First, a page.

Mindful Big Spotlight: Lifelong Humanitarian Lisa Rueff

Thousands of people look forward to Lisa Rueff’s daily social media posts spreading love and light into the world. A Sausalito-based humanitarian who’s endearingly nicknamed “Chief Love Warrior,” Lisa has been waking people up to the power of love in her community and around the globe for more than 22 years.

From serendipitously helping a man with late stage cancer design a keepsake necklace to gift his mom before he died to raising funds to build an orphanage in Haiti, Lisa continually inspires people by acting with love in the face of both tragedy and triumph. 

Early Influences and Young Adulthood

How does one become a Chief Love Warrior? For Lisa, it starts with family.

Growing up in Atlanta, Georgia, Lisa and her sister Karyn loved helping out in her parents’ Southern Linen stores. They especially liked greeting customers as they came in. In addition to a strong work ethic, her parents taught them the importance of being kind and considerate to everyone, both the customers and staff.  

Lisa describes her parents as “the most giving, thoughtful, leading-with-love people.” In fact, her 84-year-old dad still volunteers in nursing homes multiple times a week, singing to patients and bringing them joy.

When she was 11, Lisa and her family visited Walt Disney World’s Epcot, a theme park celebrating human achievement and cultural heritage around the world. When Lisa visited “Japan,” she was mesmerized by the architecture, aesthetic, calligraphy and culture. Their Japanese tour guide invited her to someday visit his country and teach English there. Lisa promised him she would.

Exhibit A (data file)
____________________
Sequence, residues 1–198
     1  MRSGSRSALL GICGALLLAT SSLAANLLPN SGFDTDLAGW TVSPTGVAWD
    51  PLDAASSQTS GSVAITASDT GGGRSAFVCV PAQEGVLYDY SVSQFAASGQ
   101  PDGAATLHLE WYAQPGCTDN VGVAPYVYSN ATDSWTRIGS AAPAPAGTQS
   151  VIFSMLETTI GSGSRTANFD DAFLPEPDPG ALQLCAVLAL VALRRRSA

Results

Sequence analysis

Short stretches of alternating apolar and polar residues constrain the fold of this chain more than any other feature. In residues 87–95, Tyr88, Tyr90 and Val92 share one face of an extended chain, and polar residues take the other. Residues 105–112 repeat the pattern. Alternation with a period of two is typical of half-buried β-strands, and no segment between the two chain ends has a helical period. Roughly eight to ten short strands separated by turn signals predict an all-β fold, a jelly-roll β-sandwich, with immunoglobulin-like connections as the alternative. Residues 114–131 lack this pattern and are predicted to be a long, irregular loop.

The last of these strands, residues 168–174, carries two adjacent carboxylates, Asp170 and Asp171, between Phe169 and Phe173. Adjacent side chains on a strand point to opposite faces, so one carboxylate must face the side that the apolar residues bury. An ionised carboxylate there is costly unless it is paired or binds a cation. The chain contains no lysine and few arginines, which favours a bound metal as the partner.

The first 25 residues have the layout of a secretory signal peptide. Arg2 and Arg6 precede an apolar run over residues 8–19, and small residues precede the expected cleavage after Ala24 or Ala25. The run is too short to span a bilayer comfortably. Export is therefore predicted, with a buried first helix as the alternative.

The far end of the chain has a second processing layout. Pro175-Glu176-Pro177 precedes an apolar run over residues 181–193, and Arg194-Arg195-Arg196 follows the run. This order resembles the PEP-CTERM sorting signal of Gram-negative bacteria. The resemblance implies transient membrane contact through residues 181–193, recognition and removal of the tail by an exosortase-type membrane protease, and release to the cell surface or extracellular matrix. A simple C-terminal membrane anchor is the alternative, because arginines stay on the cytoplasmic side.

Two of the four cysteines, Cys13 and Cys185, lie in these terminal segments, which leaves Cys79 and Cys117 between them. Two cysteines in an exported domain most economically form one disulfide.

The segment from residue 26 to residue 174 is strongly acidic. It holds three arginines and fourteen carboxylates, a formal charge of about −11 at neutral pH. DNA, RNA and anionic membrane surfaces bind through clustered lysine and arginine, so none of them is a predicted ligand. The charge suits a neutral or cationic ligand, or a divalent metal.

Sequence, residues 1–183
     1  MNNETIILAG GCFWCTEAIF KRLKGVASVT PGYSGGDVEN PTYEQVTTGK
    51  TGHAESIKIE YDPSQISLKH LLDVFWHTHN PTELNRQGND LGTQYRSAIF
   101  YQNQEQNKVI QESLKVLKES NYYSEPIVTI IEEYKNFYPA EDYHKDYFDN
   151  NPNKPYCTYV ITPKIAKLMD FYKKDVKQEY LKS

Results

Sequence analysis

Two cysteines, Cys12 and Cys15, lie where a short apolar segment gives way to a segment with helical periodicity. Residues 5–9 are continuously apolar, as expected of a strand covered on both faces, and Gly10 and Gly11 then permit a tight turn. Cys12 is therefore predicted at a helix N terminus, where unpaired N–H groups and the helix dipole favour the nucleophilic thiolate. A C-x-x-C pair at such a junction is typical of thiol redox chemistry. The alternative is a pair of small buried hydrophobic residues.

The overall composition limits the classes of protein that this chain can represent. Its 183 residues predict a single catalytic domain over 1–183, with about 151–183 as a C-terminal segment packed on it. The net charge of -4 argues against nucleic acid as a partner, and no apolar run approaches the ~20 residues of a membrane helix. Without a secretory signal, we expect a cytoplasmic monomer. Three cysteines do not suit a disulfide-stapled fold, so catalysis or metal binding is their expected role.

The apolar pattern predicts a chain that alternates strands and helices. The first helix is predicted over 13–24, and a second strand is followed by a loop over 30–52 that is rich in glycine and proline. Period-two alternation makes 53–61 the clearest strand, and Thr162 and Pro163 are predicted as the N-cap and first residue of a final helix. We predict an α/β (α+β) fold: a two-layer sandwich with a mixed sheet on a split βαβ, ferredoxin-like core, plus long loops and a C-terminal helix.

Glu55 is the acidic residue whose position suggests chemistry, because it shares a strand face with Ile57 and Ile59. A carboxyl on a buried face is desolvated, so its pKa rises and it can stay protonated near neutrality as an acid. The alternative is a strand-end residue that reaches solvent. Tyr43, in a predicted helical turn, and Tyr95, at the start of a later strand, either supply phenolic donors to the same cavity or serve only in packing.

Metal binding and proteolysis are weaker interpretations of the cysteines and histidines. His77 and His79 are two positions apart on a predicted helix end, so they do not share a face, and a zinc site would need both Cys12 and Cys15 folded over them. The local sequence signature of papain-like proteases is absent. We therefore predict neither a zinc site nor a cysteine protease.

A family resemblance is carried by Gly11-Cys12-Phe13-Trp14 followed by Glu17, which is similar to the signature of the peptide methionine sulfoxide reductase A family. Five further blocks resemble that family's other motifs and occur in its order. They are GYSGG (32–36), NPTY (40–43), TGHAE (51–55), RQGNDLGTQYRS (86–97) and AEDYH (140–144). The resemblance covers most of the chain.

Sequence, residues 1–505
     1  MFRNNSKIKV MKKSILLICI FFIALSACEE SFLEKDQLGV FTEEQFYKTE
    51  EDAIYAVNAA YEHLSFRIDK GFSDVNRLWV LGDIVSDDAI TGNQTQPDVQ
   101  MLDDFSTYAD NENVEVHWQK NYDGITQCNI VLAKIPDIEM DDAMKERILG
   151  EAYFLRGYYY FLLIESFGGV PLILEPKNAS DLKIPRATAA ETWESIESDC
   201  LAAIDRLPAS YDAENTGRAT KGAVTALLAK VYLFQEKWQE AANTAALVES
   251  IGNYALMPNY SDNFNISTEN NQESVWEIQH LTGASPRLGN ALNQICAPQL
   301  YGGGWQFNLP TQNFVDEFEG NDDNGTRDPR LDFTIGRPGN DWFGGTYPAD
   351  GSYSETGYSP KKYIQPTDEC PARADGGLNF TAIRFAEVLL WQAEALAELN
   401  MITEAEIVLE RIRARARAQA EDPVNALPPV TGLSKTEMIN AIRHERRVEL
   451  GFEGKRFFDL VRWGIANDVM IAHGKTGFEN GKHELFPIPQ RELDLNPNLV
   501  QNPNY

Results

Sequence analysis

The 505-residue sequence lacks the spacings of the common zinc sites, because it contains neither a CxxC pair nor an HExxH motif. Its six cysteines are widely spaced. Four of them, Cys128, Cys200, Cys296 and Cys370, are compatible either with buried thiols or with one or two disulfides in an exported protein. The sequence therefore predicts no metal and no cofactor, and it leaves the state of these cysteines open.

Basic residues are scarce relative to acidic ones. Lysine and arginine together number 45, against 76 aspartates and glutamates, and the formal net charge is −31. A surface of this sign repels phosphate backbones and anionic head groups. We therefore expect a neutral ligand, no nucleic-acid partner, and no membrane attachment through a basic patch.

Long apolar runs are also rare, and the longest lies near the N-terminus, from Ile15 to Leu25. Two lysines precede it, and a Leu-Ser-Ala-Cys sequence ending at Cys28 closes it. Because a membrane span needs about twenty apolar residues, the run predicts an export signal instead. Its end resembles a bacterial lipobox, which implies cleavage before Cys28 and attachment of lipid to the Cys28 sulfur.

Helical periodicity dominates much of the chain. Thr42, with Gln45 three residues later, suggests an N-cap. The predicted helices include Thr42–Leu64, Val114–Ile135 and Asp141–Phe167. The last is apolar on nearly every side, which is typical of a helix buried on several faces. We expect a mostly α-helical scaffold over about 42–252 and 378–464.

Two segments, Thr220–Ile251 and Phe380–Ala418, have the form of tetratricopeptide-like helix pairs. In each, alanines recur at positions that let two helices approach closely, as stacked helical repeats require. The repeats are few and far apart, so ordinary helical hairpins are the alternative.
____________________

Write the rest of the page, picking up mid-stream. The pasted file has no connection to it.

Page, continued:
When she graduated from the University of Hawaii with a focus in Japanese studies, Lisa made good on her promise and moved to Japan where she taught high school as well as at the School for the Visually Impaired in Hiroshima. The students there trained to become shiatsu massage therapists. The schoolmaster taught Lisa that “hands are extensions of our hearts” and massage is a way of expressing love. Lisa soon became a shiatsu massage practitioner and discovered her own gift for healing.  

Then, in 1995, a 6.9 earthquake struck the nearby city of Kobe. The damage was devastating. She immediately volunteered to help and experienced firsthand the power of one person making a tangible difference by simply holding a hand and extending an open heart. 

“I was so devastated by everyone who had lost homes, who had lost lives,” she said. “It felt rewarding to go from feeling helpless to seeing how I could impact and uplift people.” 

After living in Japan for a year, Lisa ventured to remote regions of Southeast Asia and India to travel, volunteer, and work. While in India, Lisa was immediately transfixed by yoga’s healing and therapeutic powers. Soon she began her training in yoga, meditation, and additional massage techniques. When Lisa returned to the United States, she combined her passions for travel and yoga and started YogaVentures, leading humanitarian-based travel and volunteer group retreats around the world. 


In January 2010, when a catastrophic 7.0 earthquake almost destroyed the poor Caribbean island of Haiti, Lisa again felt a strong desire to help. As a volunteer, Lisa spent time in the port town of Jacmel on the southern coast of Haiti. There she met humanitarian Bonite Affriany. 

A registered nurse, Bonite had returned to her homeland of Haiti to run a children’s food program. After the earthquake, she worked tirelessly in a tent city feeding more than 300 people each day, administering healthcare, and distributing food and clothing donations. 

“From the moment I arrived at Bonite’s center, I felt a surge of inner strength and purpose,” Lisa said. “With Bonite it was very hands on. She was doing so much more than the bigger organizations like the United Nations and Salvation Army, where there was a lot of waiting for bureaucratic signatures.”

“I witnessed firsthand how providing joy, hope, and peace through my personalized touch of yoga, interactive art experiences, and playful activities turned frowns and tears into smiles and laughter,” she said. 

This experience opened a new path for Lisa, who could not wait to come back to Haiti with her yoga students to aid further.